Google Drive is known to be unreliable with Scrivener projects, to such an extent that we do not recommend its use: … e-advisory

Our best practices for use of cloud services generally can be found here: … c-services

To edit parts of your Scrivener project using other tools, have a look at the Sync with External Folder functionality.


That’s too bad about google drive, but I appreciate the warning.

Hypothetically, if I were to use both Dropbox and have the project saved locally on my computer (recall I’m looking to have two working copies of my flies that I keep updated, but are independently stored).

Is that something that is done easily?

Or are you pretty much stuck with only one set of working files for a project?

I may be answering a different question to the one that you are asking here, and if so my apologies.

If you install the Dropbox desktop app (which you should) then Dropbox stores a local copy on every computer or tablet you use, and then syncs these to a copy that it stores on its servers. So you will always have two copies available at the least.

In addition Scrivener allows, and encourages, you to make regular backups. I have mine set up to saved a zipped backup every time I close a project. This means that I have three copies available to me a few minutes after I have finished work. One on the Dropbox server, which I can reach via the web interface. One in my Dropbox folder on my desktop computer. One wherever I have told Scrivener to store my backups.

My understanding is that Google Drive is fine for keeping zip files and so you can safely use it as a place to store your backups. You should only need to refer to these if something goes wrong and neither of the two live versions contain what you expect. This should happen very rarely if at all.

HTH, Owen

Just to elaborate on what OwenKelly said, it’s important to draw a distinction between “synchronized” copies and “backup” copies.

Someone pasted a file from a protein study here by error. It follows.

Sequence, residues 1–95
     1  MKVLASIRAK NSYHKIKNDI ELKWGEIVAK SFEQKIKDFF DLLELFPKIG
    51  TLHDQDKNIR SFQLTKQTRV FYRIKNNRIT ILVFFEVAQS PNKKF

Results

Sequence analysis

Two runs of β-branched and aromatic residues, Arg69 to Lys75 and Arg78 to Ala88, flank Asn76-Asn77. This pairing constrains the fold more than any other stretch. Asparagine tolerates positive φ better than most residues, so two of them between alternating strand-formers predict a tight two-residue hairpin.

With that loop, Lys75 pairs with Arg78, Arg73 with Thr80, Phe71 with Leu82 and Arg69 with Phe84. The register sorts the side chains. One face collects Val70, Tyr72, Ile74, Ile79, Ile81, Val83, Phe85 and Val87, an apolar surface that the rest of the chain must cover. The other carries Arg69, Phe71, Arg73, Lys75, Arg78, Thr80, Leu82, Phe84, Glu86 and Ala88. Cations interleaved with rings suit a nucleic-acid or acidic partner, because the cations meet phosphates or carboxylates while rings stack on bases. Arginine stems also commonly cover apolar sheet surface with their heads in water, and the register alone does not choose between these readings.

Synchronizing copies of your project to multiple devices is extremely convenient when you want to work on more than one device.

It’s a terrible idea from a data security perspective. The reason is that damage to one copy will propagate to all the others at internet speeds, possibly before you even realize there’s a problem.

At a minimum, I would recommend storing Scrivener’s automatic backups with a different cloud service from the one you use for your “working” projects. Ideally, you would also have some form of dedicated backup service to keep copies separate from all of your editable drives: an external drive, an offsite service, or both.


This is very helpful, thank you!

Ideally what I would want to do is set my “back-ups” from Scrivener to be saved to my hard drive, for both my desktop and my laptop. This is great because it creates hard back-ups in 2 separate locations. 8)

I would like a “cloud” option for my “working” copy.

I checked into dropbox a bit more and the freeware version only gives you 2gb. My various files, audio files, and research already exceed 7gb. So while I could potentially use dropbox for the file I’m writing, I wouldn’t be able to keep all of my other files with it. It’s not the end of the world… but a bit more cumbersome than I’d hoped.

That being said, our family is at the point where we are looking at getting external hard drives (2T-4T) and anything we’d get would also be something that would be connected to our dsl line so we could access files on it anywhere we had an internet connection. Bit of a personal “cloud” if you will.